Creative learning experiences for everyone
Open to all ages, abilities, and economic circumstance, Access Arts has always been committed to providing creative learning experiences for everyone. That central mission propelled our growth from 28 total registrations in 1971 to an annual average of more than 1,000. Our campus grew, too. From a one basement-corner classroom to a three-building campus, our spacious studios and professional equipment match or exceed the quality of any studio in the region. Keeping true to the organization’s initial vision, this student body still includes people of all ages from all walks of life and every ability level.
Six 6-week sessions of regular classes are offered each year in a variety of fine art and traditional crafts media. Studios are available for advanced students to work independently year-round, and workshops extend class instruction. Outreach programs include lessons and demonstrations at local festivals, schools, senior centers, and organizations. In 2013, the Summer Camp and School's Out Programs were added, providing creative learning for school-age children outside of normal school activities.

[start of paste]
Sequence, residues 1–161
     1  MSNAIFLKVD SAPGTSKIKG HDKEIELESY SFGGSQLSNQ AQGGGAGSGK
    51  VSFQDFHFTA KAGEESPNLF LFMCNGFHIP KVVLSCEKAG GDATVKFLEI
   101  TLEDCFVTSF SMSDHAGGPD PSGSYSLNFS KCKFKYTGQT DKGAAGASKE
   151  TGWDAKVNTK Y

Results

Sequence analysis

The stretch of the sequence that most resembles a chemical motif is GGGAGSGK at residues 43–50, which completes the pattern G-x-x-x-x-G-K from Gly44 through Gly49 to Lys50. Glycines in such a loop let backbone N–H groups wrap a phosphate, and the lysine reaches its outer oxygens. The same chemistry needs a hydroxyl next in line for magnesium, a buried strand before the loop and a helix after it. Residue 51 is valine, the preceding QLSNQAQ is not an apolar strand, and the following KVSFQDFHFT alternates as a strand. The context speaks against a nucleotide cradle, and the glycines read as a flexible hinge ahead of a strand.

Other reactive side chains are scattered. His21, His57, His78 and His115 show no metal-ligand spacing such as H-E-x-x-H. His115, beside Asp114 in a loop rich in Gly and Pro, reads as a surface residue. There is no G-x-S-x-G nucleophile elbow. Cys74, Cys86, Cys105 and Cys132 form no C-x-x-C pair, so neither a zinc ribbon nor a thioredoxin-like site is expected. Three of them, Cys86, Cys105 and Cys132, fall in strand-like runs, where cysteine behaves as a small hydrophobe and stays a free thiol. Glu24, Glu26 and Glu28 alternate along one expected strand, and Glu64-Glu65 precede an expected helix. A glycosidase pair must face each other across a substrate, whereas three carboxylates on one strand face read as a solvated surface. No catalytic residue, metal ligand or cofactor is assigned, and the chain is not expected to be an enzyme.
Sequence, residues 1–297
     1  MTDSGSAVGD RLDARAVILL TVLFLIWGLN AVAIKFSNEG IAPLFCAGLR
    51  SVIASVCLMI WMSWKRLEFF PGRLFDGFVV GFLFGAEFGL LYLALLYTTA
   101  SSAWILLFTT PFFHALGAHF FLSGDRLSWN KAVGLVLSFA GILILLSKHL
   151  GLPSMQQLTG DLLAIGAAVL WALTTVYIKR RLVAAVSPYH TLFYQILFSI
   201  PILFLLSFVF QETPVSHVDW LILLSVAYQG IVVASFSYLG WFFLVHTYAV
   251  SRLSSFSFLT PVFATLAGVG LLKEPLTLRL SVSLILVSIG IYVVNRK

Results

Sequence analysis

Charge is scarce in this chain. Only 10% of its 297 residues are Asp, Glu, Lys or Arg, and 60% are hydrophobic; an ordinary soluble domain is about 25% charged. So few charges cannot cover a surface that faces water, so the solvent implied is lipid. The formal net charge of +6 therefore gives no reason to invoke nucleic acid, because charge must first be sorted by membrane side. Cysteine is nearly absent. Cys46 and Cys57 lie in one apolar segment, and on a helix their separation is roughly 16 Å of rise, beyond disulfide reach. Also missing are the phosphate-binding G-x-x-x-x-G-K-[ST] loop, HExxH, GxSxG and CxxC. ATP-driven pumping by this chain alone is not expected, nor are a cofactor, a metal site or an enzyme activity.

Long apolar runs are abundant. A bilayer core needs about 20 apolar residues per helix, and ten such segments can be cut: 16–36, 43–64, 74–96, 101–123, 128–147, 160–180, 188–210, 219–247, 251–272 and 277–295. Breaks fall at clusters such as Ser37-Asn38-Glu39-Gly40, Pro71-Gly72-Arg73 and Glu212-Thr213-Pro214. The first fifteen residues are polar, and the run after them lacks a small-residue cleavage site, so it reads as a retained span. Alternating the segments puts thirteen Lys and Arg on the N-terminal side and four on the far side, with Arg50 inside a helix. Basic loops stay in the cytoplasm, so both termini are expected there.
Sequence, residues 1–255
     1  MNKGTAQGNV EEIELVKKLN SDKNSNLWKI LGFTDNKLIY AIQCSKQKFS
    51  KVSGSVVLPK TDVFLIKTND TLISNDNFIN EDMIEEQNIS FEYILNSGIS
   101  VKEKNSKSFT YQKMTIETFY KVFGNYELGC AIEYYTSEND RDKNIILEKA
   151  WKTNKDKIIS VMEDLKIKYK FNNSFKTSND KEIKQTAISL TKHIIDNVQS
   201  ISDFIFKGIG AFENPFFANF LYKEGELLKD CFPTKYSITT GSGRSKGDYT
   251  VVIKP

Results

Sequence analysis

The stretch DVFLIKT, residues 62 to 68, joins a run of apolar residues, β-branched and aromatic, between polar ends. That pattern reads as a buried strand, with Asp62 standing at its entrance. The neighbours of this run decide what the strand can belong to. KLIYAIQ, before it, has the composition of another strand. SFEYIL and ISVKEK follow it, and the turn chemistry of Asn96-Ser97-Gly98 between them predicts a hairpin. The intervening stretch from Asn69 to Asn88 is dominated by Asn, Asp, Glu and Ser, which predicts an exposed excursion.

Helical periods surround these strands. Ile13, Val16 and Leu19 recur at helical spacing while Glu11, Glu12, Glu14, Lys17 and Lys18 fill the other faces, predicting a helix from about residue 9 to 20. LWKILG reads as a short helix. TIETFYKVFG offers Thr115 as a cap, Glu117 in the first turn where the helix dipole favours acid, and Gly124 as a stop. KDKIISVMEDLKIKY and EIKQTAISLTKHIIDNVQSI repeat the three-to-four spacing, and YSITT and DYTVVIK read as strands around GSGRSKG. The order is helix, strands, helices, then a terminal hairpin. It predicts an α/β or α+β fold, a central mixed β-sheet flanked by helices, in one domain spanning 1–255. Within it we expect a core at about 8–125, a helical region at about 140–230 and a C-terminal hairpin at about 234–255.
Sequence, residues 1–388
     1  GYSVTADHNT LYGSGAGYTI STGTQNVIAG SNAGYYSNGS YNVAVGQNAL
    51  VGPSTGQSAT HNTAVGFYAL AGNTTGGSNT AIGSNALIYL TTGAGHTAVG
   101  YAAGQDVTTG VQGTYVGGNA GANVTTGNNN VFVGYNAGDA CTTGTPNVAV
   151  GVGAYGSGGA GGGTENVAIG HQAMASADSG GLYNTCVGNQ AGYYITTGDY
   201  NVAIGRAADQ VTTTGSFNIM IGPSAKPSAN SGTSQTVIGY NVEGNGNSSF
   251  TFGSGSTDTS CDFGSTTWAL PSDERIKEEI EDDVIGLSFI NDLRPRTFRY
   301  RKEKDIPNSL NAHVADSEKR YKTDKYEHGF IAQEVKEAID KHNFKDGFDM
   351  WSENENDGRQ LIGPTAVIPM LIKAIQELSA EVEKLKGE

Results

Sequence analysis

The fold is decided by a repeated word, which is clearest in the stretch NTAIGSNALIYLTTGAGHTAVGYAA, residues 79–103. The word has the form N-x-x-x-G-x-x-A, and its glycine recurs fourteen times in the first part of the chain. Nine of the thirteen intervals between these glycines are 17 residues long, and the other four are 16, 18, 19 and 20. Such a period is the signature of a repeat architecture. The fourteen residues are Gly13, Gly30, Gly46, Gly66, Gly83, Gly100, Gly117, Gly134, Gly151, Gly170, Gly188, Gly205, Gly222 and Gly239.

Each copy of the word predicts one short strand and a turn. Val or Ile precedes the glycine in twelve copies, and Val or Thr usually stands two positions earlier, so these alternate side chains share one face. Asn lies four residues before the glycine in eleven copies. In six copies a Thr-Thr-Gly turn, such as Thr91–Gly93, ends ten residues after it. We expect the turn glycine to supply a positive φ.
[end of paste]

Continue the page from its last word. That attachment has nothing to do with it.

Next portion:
History of Access Arts
Incorporated in August 1971 by Hurst John, School of Service (the parent organization of Access Arts) is a non-profit, 501(c)3, organization. John, an accomplished architect and visionary of his day, also had a son with Cerebral Palsy. Watching his son interact with others inspired him to develop an integrated learning program for the Columbia community.
Following John's death in 1979, Naoma Powell officially became the director of the organization and sought to extend and share his vision. For the next quarter century Naoma worked to instill the love of art in every person she encountered. Under her direction, Access Arts became the core program of School of Service, and most people refer to the organization simply by the name 'Access Arts' today.